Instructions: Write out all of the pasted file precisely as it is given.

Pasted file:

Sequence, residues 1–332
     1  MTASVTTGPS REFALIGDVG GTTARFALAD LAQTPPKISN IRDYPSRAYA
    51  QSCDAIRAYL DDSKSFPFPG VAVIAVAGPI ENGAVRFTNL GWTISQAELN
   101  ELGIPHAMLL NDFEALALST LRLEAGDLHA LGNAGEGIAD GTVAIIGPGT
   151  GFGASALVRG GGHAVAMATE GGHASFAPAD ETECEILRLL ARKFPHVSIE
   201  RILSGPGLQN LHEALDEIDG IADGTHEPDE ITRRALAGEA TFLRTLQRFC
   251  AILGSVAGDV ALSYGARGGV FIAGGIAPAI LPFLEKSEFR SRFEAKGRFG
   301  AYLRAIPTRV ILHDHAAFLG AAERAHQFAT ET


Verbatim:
Sequence, residues 1–332
     1  MTASVTTGPS REFALIGDVG GTTARFALAD LAQTPPKISN IRDYPSRAYA
    51  QSCDAIRAYL DDSKSFPFPG VAVIAVAGPI ENGAVRFTNL GWTISQAELN
   101  ELGIPHAMLL NDFEALALST LRLEAGDLHA LGNAGEGIAD GTVAIIGPGT
   151  GFGASALVRG GGHAVAMATE GGHASFAPAD ETECEILRLL ARKFPHVSIE
   201  RILSGPGLQN LHEALDEIDG IADGTHEPDE ITRRALAGEA TFLRTLQRFC
   251  AILGSVAGDV ALSYGARGGV FIAGGIAPAI LPFLEKSEFR SRFEAKGRFG
   301  AYLRAIPTRV ILHDHAAFLG AAERAHQFAT ET